NAF Future Ready Lab gives Jennings students learning opportunities on UMSL campus
Jennings School District Superintendent Art McCoy wanted to make sure that the University of Missouri–St. Louis College of Education was a crucial part of the inaugural St. Louis NAF Future Ready Lab summer internship program from its earliest planning stages.
The NAF Future Ready Labs, in their second year of existence, give students at high schools that feature NAF “academy” coursework – like Jennings – the opportunity to serve monthlong paid summer internships with major corporations. The goal is to put STEM – science, technology, engineering and mathematics – education into practice in a real working environment and complete a project by the end of the internship.
The Jennings Future Ready Lab, presented by NAF in association with local sponsoring corporations World Wide Technology, Mastercard and KPMG, runs from June 4-29. At the end, the 19 interns will present on best practices in keeping data safe and maintaining a professional presence online.
McCoy, MEd 1999, PhD 2002, envisioned UMSL as a vital part of the internship experience as a place for his students to work on their project as well as gain exposure to a college campus.
“These individuals (at UMSL) are learning about the students’ grit, communication skills and character, and they’re giving them tips about scholarships and good college admission essays,” McCoy said. “It’s like a great freshman orientation or summer session course. UMSL was intentionally our anchor because of its commitment to underserved students and youth as well as its commitment to innovation. Part of our goal is to help with enrollment and students seeing UMSL as a flagship for emerging talent.”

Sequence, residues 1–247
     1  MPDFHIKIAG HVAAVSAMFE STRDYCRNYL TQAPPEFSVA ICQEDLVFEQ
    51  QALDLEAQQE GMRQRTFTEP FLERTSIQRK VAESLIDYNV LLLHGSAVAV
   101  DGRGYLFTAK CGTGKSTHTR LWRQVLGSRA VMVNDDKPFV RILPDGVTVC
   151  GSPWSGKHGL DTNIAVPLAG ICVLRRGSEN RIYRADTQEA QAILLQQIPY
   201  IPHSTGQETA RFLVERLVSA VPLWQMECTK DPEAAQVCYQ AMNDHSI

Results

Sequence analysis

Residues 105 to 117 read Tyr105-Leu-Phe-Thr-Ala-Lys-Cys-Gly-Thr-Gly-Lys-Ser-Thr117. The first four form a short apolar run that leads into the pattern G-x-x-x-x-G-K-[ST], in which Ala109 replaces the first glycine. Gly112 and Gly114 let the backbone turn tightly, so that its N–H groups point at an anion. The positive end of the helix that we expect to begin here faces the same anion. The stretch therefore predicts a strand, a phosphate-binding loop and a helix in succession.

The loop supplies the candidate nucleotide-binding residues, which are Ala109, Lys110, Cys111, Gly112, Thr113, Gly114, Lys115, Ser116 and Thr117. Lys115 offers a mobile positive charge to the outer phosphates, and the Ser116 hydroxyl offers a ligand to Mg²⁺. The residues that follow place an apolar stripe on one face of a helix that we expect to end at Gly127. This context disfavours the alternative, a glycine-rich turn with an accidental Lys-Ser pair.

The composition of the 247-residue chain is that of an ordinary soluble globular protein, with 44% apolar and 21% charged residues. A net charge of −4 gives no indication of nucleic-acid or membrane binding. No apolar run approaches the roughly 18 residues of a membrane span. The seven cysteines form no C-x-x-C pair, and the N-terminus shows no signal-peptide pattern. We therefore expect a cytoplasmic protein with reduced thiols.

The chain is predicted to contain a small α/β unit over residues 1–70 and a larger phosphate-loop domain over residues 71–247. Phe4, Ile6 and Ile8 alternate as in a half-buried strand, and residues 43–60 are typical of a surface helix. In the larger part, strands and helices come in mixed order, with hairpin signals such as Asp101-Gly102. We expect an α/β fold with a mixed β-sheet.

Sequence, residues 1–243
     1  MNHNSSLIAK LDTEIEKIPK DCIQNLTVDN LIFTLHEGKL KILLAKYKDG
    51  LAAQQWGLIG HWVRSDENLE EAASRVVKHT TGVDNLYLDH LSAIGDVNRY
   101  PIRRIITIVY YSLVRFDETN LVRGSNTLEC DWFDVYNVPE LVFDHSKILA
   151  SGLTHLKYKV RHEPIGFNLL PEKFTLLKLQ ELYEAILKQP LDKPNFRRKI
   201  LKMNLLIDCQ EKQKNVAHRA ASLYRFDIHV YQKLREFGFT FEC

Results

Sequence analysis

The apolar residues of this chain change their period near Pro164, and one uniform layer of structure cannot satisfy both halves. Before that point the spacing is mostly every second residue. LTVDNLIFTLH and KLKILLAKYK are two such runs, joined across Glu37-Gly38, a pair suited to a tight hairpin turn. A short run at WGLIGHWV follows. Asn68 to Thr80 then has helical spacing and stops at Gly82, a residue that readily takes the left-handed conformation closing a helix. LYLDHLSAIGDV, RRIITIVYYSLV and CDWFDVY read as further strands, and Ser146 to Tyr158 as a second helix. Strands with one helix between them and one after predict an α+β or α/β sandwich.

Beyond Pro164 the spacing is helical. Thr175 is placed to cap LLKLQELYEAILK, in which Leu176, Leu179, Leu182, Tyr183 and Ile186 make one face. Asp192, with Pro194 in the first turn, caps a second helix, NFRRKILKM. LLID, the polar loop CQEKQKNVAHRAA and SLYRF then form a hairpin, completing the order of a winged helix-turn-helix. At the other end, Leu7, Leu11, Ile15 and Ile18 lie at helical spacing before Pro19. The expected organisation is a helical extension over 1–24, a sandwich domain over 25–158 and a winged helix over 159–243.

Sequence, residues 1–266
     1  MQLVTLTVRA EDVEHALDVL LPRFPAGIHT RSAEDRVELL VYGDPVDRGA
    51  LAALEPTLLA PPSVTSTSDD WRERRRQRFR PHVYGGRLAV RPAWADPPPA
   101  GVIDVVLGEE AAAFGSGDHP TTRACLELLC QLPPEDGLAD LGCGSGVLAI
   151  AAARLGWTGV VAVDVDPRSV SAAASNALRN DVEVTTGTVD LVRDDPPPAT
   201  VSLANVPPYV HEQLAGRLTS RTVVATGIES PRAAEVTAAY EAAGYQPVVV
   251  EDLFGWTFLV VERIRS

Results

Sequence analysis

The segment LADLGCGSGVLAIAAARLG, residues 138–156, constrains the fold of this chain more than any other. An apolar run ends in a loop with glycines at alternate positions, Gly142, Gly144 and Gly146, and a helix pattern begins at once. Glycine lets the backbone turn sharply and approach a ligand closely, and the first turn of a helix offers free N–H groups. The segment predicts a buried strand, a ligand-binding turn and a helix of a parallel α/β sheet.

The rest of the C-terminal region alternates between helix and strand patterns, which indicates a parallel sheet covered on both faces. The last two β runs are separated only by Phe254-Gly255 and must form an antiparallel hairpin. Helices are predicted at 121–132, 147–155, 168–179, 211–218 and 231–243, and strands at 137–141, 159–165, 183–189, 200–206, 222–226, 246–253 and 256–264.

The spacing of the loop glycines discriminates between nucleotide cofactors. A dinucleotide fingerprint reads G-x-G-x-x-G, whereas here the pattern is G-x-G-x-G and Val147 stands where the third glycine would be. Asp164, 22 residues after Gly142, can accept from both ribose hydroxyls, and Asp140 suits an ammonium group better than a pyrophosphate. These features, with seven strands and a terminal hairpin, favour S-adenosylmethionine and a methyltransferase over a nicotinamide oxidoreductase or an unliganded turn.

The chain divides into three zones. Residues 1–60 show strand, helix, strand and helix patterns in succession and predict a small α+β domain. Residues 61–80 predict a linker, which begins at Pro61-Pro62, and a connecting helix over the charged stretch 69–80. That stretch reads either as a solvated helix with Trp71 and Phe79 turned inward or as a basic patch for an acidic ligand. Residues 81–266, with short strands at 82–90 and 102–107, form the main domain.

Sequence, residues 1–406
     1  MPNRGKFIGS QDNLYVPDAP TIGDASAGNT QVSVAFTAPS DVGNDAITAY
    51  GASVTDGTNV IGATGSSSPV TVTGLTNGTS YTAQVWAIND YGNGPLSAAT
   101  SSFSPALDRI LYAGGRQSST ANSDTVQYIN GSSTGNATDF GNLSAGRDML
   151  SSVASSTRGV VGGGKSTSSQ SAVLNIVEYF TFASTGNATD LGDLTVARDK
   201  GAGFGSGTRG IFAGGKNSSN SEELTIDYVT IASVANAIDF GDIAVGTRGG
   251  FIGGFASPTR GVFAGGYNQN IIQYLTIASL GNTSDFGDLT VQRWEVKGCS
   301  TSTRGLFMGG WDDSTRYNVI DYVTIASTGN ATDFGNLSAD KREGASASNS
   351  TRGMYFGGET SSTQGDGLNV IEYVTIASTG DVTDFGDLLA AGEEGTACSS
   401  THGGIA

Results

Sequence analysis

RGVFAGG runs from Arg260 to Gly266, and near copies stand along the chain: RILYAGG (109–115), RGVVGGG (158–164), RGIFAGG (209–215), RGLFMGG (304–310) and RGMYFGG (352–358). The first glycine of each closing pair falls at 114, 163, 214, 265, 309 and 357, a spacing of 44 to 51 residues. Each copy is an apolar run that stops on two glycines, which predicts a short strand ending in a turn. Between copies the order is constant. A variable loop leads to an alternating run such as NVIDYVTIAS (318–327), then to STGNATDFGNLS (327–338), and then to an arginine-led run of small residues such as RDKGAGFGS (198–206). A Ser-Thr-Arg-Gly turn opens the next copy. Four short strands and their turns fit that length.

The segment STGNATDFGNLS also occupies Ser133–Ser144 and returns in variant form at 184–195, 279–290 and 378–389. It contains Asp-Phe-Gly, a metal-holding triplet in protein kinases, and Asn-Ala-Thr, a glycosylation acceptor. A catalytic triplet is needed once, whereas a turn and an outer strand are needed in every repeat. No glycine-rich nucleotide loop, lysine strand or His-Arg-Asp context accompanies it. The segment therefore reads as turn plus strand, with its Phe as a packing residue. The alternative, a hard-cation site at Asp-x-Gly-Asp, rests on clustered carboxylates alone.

The university has served as a home base for the interns throughout the program. The students have gotten the opportunity to work on their projects on campus, as well participating in campus tours and meeting with professors and admissions representatives.
The College of Education regularly partners with 15 St. Louis-area school districts, and the Future Ready Lab is one of many programs that bring local students to UMSL’s campus to interact with faculty and staff. Initiatives such as the UMSL Bridge Program serve as ways to lower barriers to understanding the college culture and admissions process for students who may be aspiring first-generation college attendees.
Jennings is serving as the pilot program in NAF’s St. Louis Future Ready Lab. McCoy says the goal is to add participants from nearby school districts in the coming years – a process in which the UMSL College of Education will be deeply involved with NAF and the corporate partners. These corporations, led by World Wide Technology, have a special interest in reaching out to underserved areas of the city and attracting untapped talent.
NAF, formerly known as the National Academy Foundation, started the Future Ready Lab program in Dallas; New York; and Eden Prairie, Minnesota; last summer before expanding this year to include six more internships and add Boston; Ontario, California; Sunnyvale, California; and St. Louis to its locations.